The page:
CBEC has released revised Draft GST Law on 26th November 2016. The law is slated to be presented before Loksabha in the coming days. It’s not the final blueprint and is bound to change on the basis of suggestions received from various quarters. In this series of updates, we would be putting forth various issues in the Revised Draft GST Law which needs consideration. The entire objective is to bring before the readers certain issues in the present revised GST Law which may be raised at appropriate platforms.
Composition Scheme in the revised Draft GST Law brings back the old disputes in the GST Regime regarding who is a manufacturer or a service provider or how goods are to be classified. There is a need to avoid such classification disputes in GST.
It has to be borne in mind that it’s the small dealers who are opting for composition scheme and so much apprehension about the loss of revenue; misuse of composition scheme or break in the supply chain by the government is at first misplaced and secondly it has made the composition scheme a complex and regressive affair.
The Scheme should be simple and easy rather than looking like wherein government is trying to achieve in every possible manner that how the scheme is made out of reach for every common person. The present composition scheme looks like so.
4.1 Section 9 of the Revised Draft GST Law provides that
Notwithstanding anything to the contrary contained in the Act but subject to subsection (3) of section 8, on the recommendation of the Council, the proper officer of the Central or a State Government may, subject to such conditions and restrictions as may be prescribed, permit a registered taxable person, whose aggregate turnover in the preceding financial year did not exceed fifty lakh rupees, to pay, in lieu of the tax payable by him, an amount calculated at such rate as may be prescribed, but not less than two and a half percent in case of a manufacturer and one percent in any other case, of the turnover in a State during the year:
Thus the conditions provided in the provision are
- The aggregate turnover should be less than 50 Lakh in the preceding financial year.
- The amount to be paid in lieu of tax shall be not less than 2.5% in case of manufacturer and 1% in any other case of the turnover in a State.
4.2 In addition to the above conditions following persons cannot opt for composition scheme:
(a) who is engaged in the supply of services; or
(b) who makes any supply of goods which are not leviable to tax under this Act; or
(c) who makes any inter-State outward supplies of goods; or
(d) who makes any supply of goods through an electronic commerce operator who is required to collect tax at source under section 56; or
(e) who is a manufacturer of such goods as may be notified on the recommendation of the Council:
Thus, if we observe from the above list of persons ineligible to opt for composition scheme, then there are two categories which needs special mention i.e. service provider and manufacturers of such goods as may be notified on the recommendation of the council.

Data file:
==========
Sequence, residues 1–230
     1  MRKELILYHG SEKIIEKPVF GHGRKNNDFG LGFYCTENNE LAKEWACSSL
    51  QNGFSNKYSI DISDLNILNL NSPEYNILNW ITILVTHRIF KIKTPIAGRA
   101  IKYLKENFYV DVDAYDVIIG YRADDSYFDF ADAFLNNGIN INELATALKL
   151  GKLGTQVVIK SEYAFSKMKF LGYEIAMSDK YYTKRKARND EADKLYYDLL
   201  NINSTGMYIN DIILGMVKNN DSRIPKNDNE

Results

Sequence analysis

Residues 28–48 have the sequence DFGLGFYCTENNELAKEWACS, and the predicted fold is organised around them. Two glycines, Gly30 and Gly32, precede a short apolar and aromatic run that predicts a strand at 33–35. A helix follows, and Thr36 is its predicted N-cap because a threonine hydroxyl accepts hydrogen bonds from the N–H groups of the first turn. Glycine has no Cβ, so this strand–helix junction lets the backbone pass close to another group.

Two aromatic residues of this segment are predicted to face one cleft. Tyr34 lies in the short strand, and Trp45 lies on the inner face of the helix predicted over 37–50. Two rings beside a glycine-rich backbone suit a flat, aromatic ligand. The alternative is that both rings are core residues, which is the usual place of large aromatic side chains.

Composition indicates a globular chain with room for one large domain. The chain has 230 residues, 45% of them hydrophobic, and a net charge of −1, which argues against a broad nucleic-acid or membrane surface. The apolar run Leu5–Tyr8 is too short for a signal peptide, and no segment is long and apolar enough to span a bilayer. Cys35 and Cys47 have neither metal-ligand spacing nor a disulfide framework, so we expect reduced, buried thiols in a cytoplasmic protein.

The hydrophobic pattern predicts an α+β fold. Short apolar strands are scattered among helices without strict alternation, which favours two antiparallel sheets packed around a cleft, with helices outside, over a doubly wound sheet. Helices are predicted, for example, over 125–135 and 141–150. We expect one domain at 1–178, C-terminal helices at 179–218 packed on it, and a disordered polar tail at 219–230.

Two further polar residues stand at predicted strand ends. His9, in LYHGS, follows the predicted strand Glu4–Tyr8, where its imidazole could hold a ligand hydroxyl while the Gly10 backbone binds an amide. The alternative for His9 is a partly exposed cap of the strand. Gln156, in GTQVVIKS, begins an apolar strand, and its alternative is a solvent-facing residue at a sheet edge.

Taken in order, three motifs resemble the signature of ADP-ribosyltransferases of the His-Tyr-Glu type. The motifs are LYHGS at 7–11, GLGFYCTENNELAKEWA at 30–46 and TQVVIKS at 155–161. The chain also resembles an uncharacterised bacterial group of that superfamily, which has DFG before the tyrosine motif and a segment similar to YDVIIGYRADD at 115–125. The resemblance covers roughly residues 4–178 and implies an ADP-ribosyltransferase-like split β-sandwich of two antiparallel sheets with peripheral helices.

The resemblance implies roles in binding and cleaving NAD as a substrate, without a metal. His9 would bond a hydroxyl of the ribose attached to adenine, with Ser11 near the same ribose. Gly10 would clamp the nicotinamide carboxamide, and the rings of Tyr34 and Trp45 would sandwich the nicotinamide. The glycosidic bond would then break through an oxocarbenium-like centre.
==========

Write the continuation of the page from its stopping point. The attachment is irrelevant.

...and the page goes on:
4.3 The classification of the service provider and manufacturer as ineligible persons to opt for composition scheme, takes us back to good old ages dispute regarding who is a manufacturer and who is a service provider.
4.4 In case of manufacturer, there would be two kinds of disputes i.e. whether the particular activity of a person falls under manufacturing or not and secondly whether he is manufacturer of the goods notified by the council as ineligible for opting for composition scheme.
4.5 For a thought, the lawmakers are indulging in classification disputes of activity being manufacture and classification of goods with respect to small dealers having turnover upto 50 Lakhs. Is the intention of the government is to benefit them or burden them.
4.6 The apprehension of the government about loss of revenue, misuse of computation scheme, break in supply chain is entirely misplaced as the conditions like aggregate turnover of Rs 50 Lakh including exempted turnover, persons making inter-state supplies being excluded, all registered taxable persons in all the States under same PAN to opt for composition scheme etc; prescribed in the composition scheme already make certain elusive persons eligible for the composition scheme. If at all the government wants to play extra safe, they may further reduce the limit but to go with so much classification and complexity is entirely uncalled for.
4.7 Therefore, wherein a person has to satisfy so many conditions for him being able to opt for composition scheme, then further classification as manufacturer and service provider are unwarranted.
Comment: The scheme should be simple and easy to comprehend for a person and classification such as manufacturer or manufacturers of particular goods being ineligible or service providers should be avoided.